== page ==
A Federal High Court, sitting in Abuja, Friday, adjourned to January 20, 2020, to give judgment on the case brought by Kogi state governorship candidate of the Social Democratic Party, Natasha Apoti against Governor Yahaya Bello over alleged double registration.
Justice Inyang Ekwo fixed the date after parties in the matter adopted their briefs of argument.
Apoti, through her counsel, Mike Ozekhome (SAN), is seeking the disqualification of Bello in the November 16 governorship election in the state on the grounds that he was not qualified to contest the election on account of double registration.
The All Progressives Congress (APC), the Independent National Electoral Commission (INEC) and Bello are the 1st – 3rd defendants in the matter.
In his submission, Ozekhome (SAN), prayed the court to make a consequential order that Bello was not qualified to have contested the election having registered in both Abuja and Lokoja, the capital city of Kogi, an offence against Section 24 of the Electoral Act.
According to Ozekhome, the case is not a pre-election matter that requires a time limit to file but a case of fraud, which could be filed anytime.
He submitted that the 2nd defendant, INEC already admitted it committed an error to have registered Bello twice but according to Ozekhome, INEC said its hands were tied to do anything now because of the governor’s immunity.
“INEC has said on television that it committed a grave error by registering him (Bello) twice in Abuja and Lokoja, saying if not for immunity, they would have moved against him.”
Ozekhome insisted that when fraud is involved, as the instant case, the time of filing is not an issue.
Counsel to the 1st defendant (APC), Abdulwahab Mohammed, however, urged the court to dismiss the suit, while questioning the competence of the court to entertain the matter.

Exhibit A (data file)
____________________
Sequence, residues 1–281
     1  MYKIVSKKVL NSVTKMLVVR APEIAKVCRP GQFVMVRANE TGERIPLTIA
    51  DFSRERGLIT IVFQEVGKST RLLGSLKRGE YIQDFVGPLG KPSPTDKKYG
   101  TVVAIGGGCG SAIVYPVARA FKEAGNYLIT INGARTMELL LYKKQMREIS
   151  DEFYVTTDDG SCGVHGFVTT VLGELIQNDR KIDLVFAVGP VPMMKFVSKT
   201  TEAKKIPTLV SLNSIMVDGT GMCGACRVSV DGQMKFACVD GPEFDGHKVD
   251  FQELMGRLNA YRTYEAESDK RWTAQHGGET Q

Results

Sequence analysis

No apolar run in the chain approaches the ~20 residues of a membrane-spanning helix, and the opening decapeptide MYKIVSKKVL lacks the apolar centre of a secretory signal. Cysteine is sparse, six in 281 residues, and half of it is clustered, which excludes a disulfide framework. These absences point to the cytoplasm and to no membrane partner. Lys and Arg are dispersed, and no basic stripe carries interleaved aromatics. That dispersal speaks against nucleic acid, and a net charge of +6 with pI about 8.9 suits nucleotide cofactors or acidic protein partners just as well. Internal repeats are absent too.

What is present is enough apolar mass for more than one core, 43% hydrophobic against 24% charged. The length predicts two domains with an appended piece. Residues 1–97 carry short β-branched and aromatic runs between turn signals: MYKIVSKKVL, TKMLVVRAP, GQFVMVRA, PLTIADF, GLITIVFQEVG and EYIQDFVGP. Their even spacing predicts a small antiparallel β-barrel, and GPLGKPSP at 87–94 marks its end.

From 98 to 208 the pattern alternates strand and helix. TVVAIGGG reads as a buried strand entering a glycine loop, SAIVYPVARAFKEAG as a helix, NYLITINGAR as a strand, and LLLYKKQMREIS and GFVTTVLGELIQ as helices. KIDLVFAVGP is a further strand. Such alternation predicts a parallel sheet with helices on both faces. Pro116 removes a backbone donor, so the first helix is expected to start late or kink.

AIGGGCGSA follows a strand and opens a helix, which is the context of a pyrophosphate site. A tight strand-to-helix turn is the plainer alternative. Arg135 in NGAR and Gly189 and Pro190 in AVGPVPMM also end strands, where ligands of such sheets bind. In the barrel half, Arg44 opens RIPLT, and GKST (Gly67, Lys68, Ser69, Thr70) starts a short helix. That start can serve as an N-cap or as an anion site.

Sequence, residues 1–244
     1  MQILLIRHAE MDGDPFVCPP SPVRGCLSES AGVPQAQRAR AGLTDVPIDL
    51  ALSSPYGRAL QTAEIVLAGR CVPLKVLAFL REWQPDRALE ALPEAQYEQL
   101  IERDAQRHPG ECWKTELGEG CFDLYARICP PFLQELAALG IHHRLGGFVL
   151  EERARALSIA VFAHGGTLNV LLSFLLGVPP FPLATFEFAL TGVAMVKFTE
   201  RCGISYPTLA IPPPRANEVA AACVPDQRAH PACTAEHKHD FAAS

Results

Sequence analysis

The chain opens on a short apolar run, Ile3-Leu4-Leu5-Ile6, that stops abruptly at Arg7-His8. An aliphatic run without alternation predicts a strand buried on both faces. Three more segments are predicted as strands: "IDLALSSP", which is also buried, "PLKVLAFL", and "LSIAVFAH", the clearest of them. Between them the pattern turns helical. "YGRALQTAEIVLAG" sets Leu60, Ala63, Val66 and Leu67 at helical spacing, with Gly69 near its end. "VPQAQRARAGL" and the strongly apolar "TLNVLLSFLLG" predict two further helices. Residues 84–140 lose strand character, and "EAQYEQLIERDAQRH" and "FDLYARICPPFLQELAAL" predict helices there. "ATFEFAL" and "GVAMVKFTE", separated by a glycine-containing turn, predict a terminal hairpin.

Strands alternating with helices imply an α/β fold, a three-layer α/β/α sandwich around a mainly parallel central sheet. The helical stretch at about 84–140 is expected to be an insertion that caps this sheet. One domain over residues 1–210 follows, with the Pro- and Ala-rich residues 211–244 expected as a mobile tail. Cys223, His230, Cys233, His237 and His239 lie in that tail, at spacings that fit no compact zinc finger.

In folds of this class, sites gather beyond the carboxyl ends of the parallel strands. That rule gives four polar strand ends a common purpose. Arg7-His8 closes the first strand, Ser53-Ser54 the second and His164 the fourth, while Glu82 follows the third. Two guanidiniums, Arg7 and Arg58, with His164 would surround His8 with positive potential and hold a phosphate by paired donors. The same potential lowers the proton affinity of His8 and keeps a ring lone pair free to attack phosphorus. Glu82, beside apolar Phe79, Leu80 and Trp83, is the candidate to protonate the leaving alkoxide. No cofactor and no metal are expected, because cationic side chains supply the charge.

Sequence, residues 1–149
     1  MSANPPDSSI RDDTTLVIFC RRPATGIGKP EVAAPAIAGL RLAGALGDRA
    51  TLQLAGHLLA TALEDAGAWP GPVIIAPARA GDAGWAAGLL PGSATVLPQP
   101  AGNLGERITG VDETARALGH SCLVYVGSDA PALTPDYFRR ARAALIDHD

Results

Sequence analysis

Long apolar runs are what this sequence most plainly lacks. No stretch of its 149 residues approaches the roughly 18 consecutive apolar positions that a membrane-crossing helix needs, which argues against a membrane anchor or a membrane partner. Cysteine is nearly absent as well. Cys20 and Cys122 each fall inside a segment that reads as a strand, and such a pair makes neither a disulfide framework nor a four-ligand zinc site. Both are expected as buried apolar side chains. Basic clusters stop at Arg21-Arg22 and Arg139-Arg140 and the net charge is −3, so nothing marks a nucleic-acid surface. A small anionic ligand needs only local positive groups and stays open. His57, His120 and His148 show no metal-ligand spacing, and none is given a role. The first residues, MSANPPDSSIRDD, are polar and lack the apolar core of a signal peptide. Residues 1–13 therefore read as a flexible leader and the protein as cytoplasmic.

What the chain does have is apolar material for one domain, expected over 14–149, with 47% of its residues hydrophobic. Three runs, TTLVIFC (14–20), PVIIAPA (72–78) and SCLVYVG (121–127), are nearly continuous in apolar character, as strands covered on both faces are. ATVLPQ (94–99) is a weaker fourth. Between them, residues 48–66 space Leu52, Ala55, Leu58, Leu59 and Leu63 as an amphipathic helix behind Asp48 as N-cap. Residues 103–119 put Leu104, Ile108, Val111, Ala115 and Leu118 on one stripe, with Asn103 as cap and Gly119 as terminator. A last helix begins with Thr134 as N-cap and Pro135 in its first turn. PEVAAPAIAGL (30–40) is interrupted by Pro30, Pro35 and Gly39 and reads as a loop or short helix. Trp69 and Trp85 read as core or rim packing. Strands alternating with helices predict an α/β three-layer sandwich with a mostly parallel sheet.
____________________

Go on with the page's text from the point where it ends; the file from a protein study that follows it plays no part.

He said it was a pre-election issue, which is staled because the time allowed to file a pre-election matter has already elapsed.
He argued further: “The electoral act is very clear on this, only a person who has been convicted that cannot stand election. Bello has not been convicted, he is not on trial, the case is only an academic exercise. I urged my Lord to dismiss the suit.”
In his submission, counsel to the 2nd defendant – INEC – Al Hassan Umar (SAN), argued along the same line, stating the cause of action, is 14 Oct 2019, by the provision of Section 285(9) of the Electoral Act, the time to file the suit has elapsed. He said INEC was also challenging the jurisdiction of the court to entertain the matter, saying the 3rd defendant has not been charged or convicted to warrant being disallowed to contest an election.
He submitted further that mere suspicion of alleged double registration or an offence “bordering on fraud was not enough to disqualify anyone through administrative tribunal”
He urged the court to dismiss the suit.
U. Abdullahi, who represented Bello, challenged the competence of the plaintiff to file the case. He said there were documents from the plaintiff to prove that the Bello registered twice.
“He was not in the country when he was alleged to have carried out the double registration. He was not in the country between May 13 – 18, to have registered twice as being alleged.”
He further submitted that the suit cannot come through originating summon in the case of fraud but only through a writ of summon.
He, therefore, urged the court to dismiss the case in its entirety and award cost against the plaintiff for wasting the time of the court and counsel.
Consequently, Justice Ekwo adjourned to January 20, 2020, for judgment.